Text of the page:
Overall construction inputs prices have risen since last year says Uganda Bureau of Statistics (UBOS). According to UBOS senior statistician, Dick Wanasolo Wadada, prices in the sector have been increasing gradually since the January 2017.
While releasing the recent construction sector indices last week at the UBOS headquarters in Kampala, Wadada said, “The 0.4% increase in average input prices for residential buildings, and 2.4% increase in civil works sub-sector, contributed to the annual price increase of 0.1%.”
According to UBOS, the annual prices for iron and steel increased by 8.3%; steel bars pipes increased by 15.04%; the wage rates increased by 1.92%; electrical wire and cable by 2.28%; Diesel and bitumen by 8.28% and 3.81%, respectively. This works out as a margin between 0.1% to 1.2% compared to last year’s rates.
Looking at the overall increase, Wadada says, high production costs and currency depreciation led to price increase in iron and steel, instability in the world market and scrap prices locally. “The election scandals in Kenya contributed much to prices fluctuations of scrap because all scrap from Uganda goes to yet they have been an environment of instability” added.
Also maintenance of the pipeline between Eldoret and Mombasa has led to price increase of both Diesel and bitumen however the price increase in electrical wires and cable prices went high because of the copper prices and local demand which is high.
Highlighting the price fluctuations in January 2018, the UBOS Executive Director, Ben Paul Mungyereza, reiterated, “The monthly changes in price inputs of the whole sector was 0.1% increase in both those building houses to live and houses to for business however prices for steel bars have exponentially gone higher.” Steel prices which are now regarded as black gold, due to excessive demand from Russia, China and Indian markets.
But the dealers in these construction materials differed with the official position as enunciated by the UBOS officials. Abdul Kasoma, a dealer in steel iron bars, along Entebbe Road, said steel prices have doubled and tripled for some time. Since the start of this year, they have experienced prices going higher some as much as four times.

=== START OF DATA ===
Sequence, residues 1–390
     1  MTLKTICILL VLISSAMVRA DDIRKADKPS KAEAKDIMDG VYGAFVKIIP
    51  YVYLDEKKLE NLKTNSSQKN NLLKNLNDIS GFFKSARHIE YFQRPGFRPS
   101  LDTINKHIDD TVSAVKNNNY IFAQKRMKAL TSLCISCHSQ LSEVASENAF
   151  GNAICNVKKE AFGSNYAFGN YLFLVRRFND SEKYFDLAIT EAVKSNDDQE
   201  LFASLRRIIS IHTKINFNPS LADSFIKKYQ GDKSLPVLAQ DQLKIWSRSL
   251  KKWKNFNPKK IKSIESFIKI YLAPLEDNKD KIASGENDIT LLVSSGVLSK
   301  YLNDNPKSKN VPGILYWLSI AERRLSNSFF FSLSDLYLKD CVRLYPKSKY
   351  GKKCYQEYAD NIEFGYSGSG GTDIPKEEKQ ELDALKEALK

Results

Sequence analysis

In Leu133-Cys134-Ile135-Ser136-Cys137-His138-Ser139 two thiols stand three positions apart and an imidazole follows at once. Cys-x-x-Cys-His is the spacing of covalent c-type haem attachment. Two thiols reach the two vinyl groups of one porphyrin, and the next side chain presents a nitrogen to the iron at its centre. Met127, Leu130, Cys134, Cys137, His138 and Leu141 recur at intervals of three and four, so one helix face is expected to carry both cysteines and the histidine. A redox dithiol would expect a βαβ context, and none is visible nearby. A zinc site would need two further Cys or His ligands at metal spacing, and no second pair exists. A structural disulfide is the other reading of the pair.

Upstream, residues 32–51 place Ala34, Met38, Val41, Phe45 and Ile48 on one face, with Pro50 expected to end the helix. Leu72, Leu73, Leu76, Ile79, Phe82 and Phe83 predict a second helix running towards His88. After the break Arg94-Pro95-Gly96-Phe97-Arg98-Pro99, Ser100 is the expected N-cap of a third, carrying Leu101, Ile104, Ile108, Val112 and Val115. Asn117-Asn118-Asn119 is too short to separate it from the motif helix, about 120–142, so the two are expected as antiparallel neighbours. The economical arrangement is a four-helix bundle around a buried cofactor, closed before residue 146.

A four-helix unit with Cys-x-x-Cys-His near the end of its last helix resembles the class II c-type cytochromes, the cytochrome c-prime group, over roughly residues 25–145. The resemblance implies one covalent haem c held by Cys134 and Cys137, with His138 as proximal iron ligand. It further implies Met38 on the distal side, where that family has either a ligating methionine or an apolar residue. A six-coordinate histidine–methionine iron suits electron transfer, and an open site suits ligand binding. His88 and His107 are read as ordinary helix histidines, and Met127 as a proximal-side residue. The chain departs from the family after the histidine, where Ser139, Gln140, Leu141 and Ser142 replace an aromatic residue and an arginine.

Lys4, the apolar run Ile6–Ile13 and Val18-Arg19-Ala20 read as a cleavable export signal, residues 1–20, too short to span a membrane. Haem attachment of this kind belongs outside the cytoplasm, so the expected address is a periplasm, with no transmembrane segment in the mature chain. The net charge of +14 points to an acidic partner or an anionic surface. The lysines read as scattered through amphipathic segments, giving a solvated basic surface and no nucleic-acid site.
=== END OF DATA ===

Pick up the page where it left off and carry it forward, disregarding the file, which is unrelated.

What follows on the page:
Kasoma added that a half inch iron bar of 100 meters long, which was at UGX 230,000 it is now at 385,000; 20mm which was at UGX70, 000 is now at 100, 000. “This burden of price increase is felt by the last consumers, however also the Revenue Authority is hiking taxes and this has lead to some materials to double prices exponentially but this is because our local producers hikes prices and if we export they frustrate us. How can exported cement be of lesser price than the domestic one?” Kasoma wondered.
Robert Kawuma, a dealer in electrical wires and cables in Kiyembe, also puts this burden to Uganda Revenue Authority (URA) and Uganda National Bureau of Standards (UNBS). “This problem of price increase is brought by URA and UNBS because they have their common interests which we don’t know.
Copper prices are not high at international markets, but here in Uganda, taxes are high. Last December, a 10 mm twin cable of 100 meters long, was taxed at UGX 20,000, but in just few months taxes are at 120,000,” said Kasoma. This is more than 100%, which Kasoma said is excessive.
According to Kasoma domestic electrical wire manufacturers have little propensity to satisfy their domestic demand which has forced local suppliers to export more cable which has made them to face high taxes and transport costs due to oil prices.
However, according to Wadada, prices of cement have decreased a bit by 0.9% and lime dropped by 0.1%. This is because of new players, such as Simba Cement, which has come in despite the fact that Tororo Cement, the chief producer, is under renovation. “The Net Domestic Supply of cement decreased by 9.35%, cement production, imports and exports decreased, too,” said Wadada.